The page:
Improving transitions of care at hospital discharge--implications for pediatric hospitalists and primary care providers.

Gregory A. Harlan, Flory L. Nkoy, Rajendu Srivastava, Gena Lattin, Doug Wolfe, Michael B. Mundorff, Dayvalena Colling, Angelika Valdez, Shay Lange, Sterling D. Atkinson, Lawrence J. Cook, Christopher G. Maloney

Research output: Contribution to journalArticle

22 Scopus citations

Abstract

Delays, omissions, and inaccuracy of discharge information are common at hospital discharge and put patients at risk for adverse outcomes. We assembled an interdisciplinary team of stakeholders to evaluate our current discharge process between hospitalists and primary care providers (PCPs). We used a fishbone diagram to identify potential causes of suboptimal discharge communication to PCPs. Opportunities for improvement (leverage points) to achieve optimal transfer of discharge information were identified using tally sheets and Pareto charts. Quality improvement strategies consisted of training and implementation of a new discharge process including: (1) enhanced PCP identification at discharge, (2) use of an electronic discharge order and instruction system, and (3) autofaxing discharge information to PCPs. The new discharge process's impact was evaluated on 2,530 hospitalist patient discharges over a 34-week period by measuring: (1) successful transfer of discharge information (proportion of discharge information sheets successfully faxed to PCPs), (2) timeliness (proportion of sheets faxed within 2 days of discharge), and (3) content (presence of key clinical elements in discharge sheets). Postintervention, success, and timeliness of discharge information transfer between pediatric hospitalists and PCPs significantly improved while content remained high.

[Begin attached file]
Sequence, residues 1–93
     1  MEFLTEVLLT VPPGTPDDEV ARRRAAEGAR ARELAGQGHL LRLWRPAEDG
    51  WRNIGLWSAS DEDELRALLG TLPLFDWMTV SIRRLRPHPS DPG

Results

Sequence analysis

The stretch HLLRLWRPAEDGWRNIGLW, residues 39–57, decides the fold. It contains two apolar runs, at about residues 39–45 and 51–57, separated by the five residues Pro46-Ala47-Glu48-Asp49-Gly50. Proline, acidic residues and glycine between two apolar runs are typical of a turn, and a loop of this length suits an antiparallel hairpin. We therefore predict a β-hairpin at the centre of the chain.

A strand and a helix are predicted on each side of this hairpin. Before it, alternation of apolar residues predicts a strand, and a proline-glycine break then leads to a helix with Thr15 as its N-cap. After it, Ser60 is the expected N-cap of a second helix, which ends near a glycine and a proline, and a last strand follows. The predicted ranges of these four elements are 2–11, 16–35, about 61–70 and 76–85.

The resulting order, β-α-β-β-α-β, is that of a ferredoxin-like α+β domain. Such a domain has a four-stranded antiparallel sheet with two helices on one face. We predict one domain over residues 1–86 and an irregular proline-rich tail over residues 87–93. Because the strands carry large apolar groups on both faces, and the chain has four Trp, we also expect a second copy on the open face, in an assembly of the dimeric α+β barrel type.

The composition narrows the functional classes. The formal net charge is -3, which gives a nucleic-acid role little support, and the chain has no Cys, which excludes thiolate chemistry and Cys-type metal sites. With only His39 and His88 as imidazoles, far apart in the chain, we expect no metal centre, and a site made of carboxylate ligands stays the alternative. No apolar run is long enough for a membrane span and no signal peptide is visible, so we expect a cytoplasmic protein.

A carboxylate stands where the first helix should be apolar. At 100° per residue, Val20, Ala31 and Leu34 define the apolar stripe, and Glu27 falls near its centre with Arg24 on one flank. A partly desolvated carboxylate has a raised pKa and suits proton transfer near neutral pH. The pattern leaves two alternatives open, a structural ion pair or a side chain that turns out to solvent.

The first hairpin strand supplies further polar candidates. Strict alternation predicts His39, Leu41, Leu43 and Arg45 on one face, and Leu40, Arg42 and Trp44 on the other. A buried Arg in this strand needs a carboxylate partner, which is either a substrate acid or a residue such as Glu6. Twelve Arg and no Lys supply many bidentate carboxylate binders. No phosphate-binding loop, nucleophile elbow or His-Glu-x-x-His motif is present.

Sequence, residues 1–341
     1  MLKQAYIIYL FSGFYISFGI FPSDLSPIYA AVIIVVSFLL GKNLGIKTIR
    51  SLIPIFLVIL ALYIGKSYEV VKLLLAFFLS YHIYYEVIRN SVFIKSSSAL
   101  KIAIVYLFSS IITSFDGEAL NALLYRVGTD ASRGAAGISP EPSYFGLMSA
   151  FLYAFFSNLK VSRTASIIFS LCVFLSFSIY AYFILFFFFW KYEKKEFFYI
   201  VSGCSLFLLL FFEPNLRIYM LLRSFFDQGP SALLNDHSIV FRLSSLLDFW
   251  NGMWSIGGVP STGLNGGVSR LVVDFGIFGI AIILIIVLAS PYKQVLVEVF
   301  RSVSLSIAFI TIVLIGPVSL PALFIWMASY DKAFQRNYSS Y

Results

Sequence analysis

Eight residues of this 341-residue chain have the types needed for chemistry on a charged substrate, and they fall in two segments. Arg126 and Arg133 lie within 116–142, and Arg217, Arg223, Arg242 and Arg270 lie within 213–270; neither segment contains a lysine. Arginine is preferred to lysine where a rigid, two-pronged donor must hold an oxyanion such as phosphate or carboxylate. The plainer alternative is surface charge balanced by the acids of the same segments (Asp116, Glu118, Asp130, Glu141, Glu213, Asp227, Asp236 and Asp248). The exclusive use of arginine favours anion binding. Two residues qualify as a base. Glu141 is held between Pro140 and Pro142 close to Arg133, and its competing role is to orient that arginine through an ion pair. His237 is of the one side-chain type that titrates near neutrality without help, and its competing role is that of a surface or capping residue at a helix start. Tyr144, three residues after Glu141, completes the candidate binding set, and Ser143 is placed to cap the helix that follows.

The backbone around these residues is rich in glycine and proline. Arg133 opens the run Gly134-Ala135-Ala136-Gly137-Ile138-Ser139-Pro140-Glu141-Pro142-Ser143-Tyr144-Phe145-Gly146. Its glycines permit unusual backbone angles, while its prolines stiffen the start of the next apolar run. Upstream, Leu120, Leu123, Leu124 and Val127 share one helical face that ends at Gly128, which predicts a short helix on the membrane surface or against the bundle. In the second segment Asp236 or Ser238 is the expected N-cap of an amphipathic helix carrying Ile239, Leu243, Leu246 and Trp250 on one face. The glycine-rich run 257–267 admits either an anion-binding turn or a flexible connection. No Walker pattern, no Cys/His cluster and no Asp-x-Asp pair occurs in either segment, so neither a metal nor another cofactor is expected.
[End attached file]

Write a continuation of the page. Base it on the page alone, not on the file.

Original languageEnglish (US)
Pages (from-to)51-60
Number of pages10
JournalJournal for healthcare quality : official publication of the National Association for Healthcare Quality
Volume32
Issue number5
DOIs
Publication statusPublished - Jan 1 2010

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ASJC Scopus subject areas

  • Health Policy
  • Public Health, Environmental and Occupational Health

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